A linear DFA was performed to test the predictability of assigning specimens to growth development stages that are based on observed suture and dental groupings relative to assigned groupings in linear morphometric size. Equal variances were found for PC1 and PC2 (Levene's test, centered on the mean). The overall prediction accuracy was 69% for the combined data set (n = 153) and improved from younger to older specimens in the combined (stage 1 = 65%, stage 3 = 75% and stage 5=97%), females (stage 1 = 67%, stage 3 = 67% and stage 5 = 90%) and males (stage 1 = 50%, stage 3 = 76% and stage 5 = 100%). (Table 4). Meanwhile, poor predictions were obtained for combined sexes of stages 2 and 4 which both had zero correct predictions (Table 4). Predictions for females (n = 62) of stages 1, 3, and 5 were correct for 6/9, 10/15 and 19/21 specimens, respectively (Table 4). Again, predictions were poor for the stages 2 and 4. For males (n = 91), predictions were highest for stage 3 (19/25) and stage 5 (40/40). Stage 1 had an accuracy of 50% (7/14), with six specimens assigned to stage 3. Stages 2 and 4 specimens had zero correct predictions (Table 4).
The mean, standard deviation (SD), maximum (max.) and minimum (min.) of growth stages 1–5 for the measured variables (mm). Sample sizes for all (n = 153), female (n = 62), and male (n = 91) is shown. Abbreviations: MB — mastoid breadth, TSL — total skull length, FAL — forearm length, RW — rostral width, RL — rostral length, DENL — dental length, BW — braincase width
Of the five R. aegyptiacus (n = 153) cranial bone fusion and dental based growth development stages assessed, evidence from the present study showed that three (stages 1, 3 and 5) can be predicted in linear morphometrics with over 65% accuracy. Prediction for stages 2 and 4 was unreliable (0%) owing to the high overlap with preceding and successive stages. Grouping specimens into growth stages using cranial bone fusion is based on the logic that the progression of cranial suture closure and eventual fusion is associated with skull growth and age (Opperman, 2000; Monrroy et al., 2019). When all five stages were aligned to linear measurements, a significant size difference was found between specimens assigned to stages 1, 2 and 3 of TSL < 36 mm, MB < 14.8 mm and FAL < 85 mm, which had fewer fused cranial sutures, compared to the larger sized specimens in stages 4 and 5 of TSL > 42 mm, MB > 16 mm and FAL > 97 mm, which had more fused cranial sutures. The inference can therefore be made that the smaller specimens in stages 1, 2 and 3 can be qualitatively regarded as younger compared to the larger, and older specimens in stages 4 and 5.
Comparing our quantitative assessment of suture fusion with assessments in Pteropus sp. (Giannini et al., 2006) and N. leporinus (Monrroy et al., 2019) showed differences and consistencies. The stages 1, 2 and 3, albeit differing by level of tooth eruption, was either completely or partially unfused for the basicranial (sspo), occipital (spip, sopa and soipa) and vault (sc and ss) regions of the skull. However, Giannini et al. (2006) found completely unfused basicranial (sspo) and occipital (sopa) sutures in their stages 1–3 of Pteropus sp. whilst Monrroy et al. (2019) only observed early fusion of the sspo and sopa sutures from a fifth stage of development, reported as a late juvenile stage E, in their assessment of N. leporinus.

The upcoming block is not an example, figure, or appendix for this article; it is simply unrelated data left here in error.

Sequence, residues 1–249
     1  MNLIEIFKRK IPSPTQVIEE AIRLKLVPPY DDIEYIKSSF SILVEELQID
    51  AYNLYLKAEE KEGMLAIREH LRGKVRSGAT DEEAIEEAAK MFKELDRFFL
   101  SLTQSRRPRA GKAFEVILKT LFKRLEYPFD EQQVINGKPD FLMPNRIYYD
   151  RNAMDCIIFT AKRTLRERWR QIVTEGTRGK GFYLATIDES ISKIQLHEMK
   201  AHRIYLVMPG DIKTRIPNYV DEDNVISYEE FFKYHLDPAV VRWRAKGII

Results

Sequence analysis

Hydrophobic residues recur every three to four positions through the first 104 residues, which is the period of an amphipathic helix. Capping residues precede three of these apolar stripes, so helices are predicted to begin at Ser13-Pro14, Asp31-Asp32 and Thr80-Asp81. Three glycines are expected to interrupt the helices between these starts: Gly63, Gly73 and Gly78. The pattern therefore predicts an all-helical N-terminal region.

Specimens categorized as stage 4 in the present study had fused sutures of the basicranial (sspo) and occipital (sopa) regions, whilst early development of the sagittal ridge (cs) was observed at stages 3 and 4. Similarly, Giannini et al. (2006) observed fused sutures of the basicranial (sspo) and occipital (sopa) regions at their stage 4 for Pteropus sp. whilst, in N. leporinus, Monrroy et al. (2019) recorded partial degrees of suture fusion of only 40% and 20%, respectively, for sspo and sopa in their stage F, regarded as a subadult stage. Consistent with the stage 4 specimens of the present study, the coronalis was unfused in Giannini's et al. (2006) stage 4, whilst Monrroy et al. (2019) recorded partial degrees of fusion of 15% and 40% at stages E (late juvenile) and F (subadult), respectively. At stage 5, we observed fused sutures of the basicranial, occipital and vault regions. Giannini et al. (2006) observed fused sagittalis and occipital sutures (spip and soipa) earlier at stage 2. Monrroy et al. (2019) found the sutures ss, spip and soipa fused at their stage F and G (adult stage) although some degree of fusion was observed stage E (spip = 25%, soipa = 50%) and stage F (ss = 15%). From a qualitative perspective, the development from young to old specimens in R. aegyptiacus based on characteristics associated with age (cranial bone fusion and tooth eruption) can be expressed in growth stages, as indicated by Giannini et al. (2006) and Monrroy et al. (2019).
Previous age prediction studies that were based on linear morphometric size focused on young juveniles of less than a year old (Stern and Kunz, 1998; Baptista et al., 2000; Cheng and Lee, 2002; Elangovan et al., 2002, 2003; Chaverri and Kunz, 2006; Allen et al., 2010; Jin et al., 2010; Chaverri and Vonhof, 2011; Chen et al., 2016; Eghbali and Sharifi, 2018). These studies further recorded the date at birth and calculated growth rates using rapid early development of forearm length and epiphyseal gap as variables. The results of these authors all agree that these variables became less reliable with advancing age as epiphyseal gap fused completely by three months, whilst forearm length grew at a substantially slower rate in older bats. Unlike the aforementioned studies which referred to chronological age, we focused on bats of unknown birth date and age which limited our findings to the more relative biological estimate of age (Brunet-Rossinni and Wilkinson, 2009).